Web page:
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Treating Noninvasive Breast Cancer (Ductal Carcinoma in Situ)

Medically Reviewed by Laura J. Martin, MD on May 10, 2020

If you’ve been diagnosed with noninvasive breast cancer, you’re probably wondering what treatment you’ll need. Doctors often call this type of breast cancer ductal carcinoma in situ (DCIS). It gets this name because the cancer is only in the breast ducts that carry milk. Sometimes you may also hear it called stage 0 breast cancer.

There are different ways to treat DCIS. The goal of treatment is always the same -- to get rid of the cancer before it has a chance to get out of the ducts and into soft breast tissue.

Will I Need Surgery?

Most likely, yes. Surgery is the most common way that doctors treat DCIS. Most often, it’s done with a procedure called a lumpectomy. A surgeon removes only the affected area of the breast while leaving healthy tissue. Doctors also call this breast-conserving surgery.

Sometimes, a doctor might suggest removing the whole breast. This type of surgery is a mastectomy. Reasons why a doctor might suggest you have a mastectomy instead of a lumpectomy for DCIS include:

  • The cancer covers a large area of the breast.
  • The cancer is in more than one place.
  • The location of the cancer makes it hard for a lumpectomy to have a good cosmetic result.
  • You’re at high risk for a future breast cancer based on family history, genetic test results, or young age.

What Happens After Surgery?

After a lumpectomy, you usually have radiation treatment to lower the chance the cancer will come back. If you had a mastectomy, you usually won’t need radiation. There are different ways you may get radiation for DCIS.

  • Radiation of the whole breast is the most common treatment. A machine delivers the radiation, often 5 days a week for several weeks.
  • It might be an option to get radiation for only part of the breast. It’s not clear if this works as well as whole breast radiation.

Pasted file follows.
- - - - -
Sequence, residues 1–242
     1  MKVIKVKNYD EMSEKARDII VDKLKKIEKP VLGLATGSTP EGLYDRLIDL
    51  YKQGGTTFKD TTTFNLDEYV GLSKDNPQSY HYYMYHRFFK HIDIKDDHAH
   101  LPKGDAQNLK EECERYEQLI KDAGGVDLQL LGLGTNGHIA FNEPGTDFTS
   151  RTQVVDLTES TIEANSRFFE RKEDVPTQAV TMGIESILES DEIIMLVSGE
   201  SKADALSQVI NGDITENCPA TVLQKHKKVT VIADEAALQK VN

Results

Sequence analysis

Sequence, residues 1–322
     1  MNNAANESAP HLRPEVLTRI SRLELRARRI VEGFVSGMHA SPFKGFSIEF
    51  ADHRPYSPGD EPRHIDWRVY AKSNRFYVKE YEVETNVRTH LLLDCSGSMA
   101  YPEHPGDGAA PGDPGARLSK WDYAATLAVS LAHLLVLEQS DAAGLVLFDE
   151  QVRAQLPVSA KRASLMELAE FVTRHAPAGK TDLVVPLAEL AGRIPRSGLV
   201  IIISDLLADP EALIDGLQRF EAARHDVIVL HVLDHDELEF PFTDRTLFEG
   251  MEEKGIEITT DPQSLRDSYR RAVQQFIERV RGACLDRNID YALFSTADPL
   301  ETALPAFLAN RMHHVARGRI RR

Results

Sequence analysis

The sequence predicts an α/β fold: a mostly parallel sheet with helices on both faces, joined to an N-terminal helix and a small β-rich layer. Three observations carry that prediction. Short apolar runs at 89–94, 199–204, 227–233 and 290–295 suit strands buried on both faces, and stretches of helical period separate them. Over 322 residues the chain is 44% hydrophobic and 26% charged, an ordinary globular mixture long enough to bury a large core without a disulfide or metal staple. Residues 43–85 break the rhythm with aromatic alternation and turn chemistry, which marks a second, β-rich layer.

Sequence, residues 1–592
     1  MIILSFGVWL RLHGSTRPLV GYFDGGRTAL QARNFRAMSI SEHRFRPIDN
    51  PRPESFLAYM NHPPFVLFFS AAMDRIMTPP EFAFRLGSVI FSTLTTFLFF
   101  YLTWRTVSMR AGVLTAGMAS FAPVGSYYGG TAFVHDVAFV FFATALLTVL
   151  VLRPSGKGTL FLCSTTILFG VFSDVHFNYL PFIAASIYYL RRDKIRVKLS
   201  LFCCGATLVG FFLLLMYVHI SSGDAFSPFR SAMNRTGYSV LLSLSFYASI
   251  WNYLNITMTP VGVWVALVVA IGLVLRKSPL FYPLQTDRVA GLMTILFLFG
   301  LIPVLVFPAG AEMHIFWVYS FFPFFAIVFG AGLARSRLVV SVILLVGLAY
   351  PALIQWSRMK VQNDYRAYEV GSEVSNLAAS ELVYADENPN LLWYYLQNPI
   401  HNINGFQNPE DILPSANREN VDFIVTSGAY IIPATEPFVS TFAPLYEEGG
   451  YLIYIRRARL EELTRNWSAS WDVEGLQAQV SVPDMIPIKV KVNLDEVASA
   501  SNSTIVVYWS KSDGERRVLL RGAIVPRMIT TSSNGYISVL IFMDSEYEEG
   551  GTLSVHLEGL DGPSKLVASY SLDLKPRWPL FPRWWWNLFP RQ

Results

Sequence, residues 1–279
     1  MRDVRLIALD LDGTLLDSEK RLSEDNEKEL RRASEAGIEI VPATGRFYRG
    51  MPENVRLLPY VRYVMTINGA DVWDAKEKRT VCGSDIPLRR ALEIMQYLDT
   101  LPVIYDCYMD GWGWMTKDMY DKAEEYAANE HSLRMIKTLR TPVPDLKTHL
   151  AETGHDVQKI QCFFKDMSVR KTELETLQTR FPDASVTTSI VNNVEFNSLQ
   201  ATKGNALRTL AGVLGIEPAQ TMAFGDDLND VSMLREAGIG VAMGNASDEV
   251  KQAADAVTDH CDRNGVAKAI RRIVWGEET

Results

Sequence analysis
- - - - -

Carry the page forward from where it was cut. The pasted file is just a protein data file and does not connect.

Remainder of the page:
• Instead of using a machine, a doctor might insert a radioactive seed or pellet into your breast. It’s not yet clear if this works as well to prevent cancer from coming back.

In addition to radiation, some women may take the drug tamoxifen or another hormonal therapy to lower the chance the cancer will come back. Doctors recommend this type of treatment for DCIS that is hormone-receptor-positive -- which means it responds to the hormone estrogen. Sometimes it may be an option to take tamoxifen and skip the radiation. Check with your doctor to find out if your cancer is hormone-receptor-positive or not.

Do I Need Chemo?

No, most likely not. Chemotherapy uses drugs given throughout the body to kill fast-growing cells, including cancer. Because DCIS is only in the breast ducts, doctors don’t usually recommend chemotherapy to treat it.

Will I Need Another Surgery?

It’s possible. Sometimes after a first lumpectomy, a doctor may need to do a second one. This usually happens when the tissue removed in the first surgery doesn’t have enough healthy tissue around it for doctors to be sure they got it all. At this point, you might also consider a mastectomy to make sure all the cancer is gone.

After a lumpectomy or mastectomy, some women may choose to have surgery to reconstruct their breast. The decision to have breast reconstruction is a personal one. It isn’t medically necessary, and it doesn’t have to happen right away. Talk to your doctor about reconstruction to decide if it’s something you may want.

WebMD Medical Reference

Sources

SOURCES:

National Comprehensive Cancer Network Foundation: “Breast Cancer Noninvasive.”

breastcancer.org: “Treatment for DCIS,” “Breast reconstruction.”

American Cancer Society: “Treatment of Ductal Carcinoma In Situ (DCIS).”

Clinicaltrials.gov: “Radiation Therapy (WBI Versus PBI) in Treating Women Who Have Undergone Surgery For Ductal Carcinoma In Situ or Stage I or Stage II Breast Cancer.”

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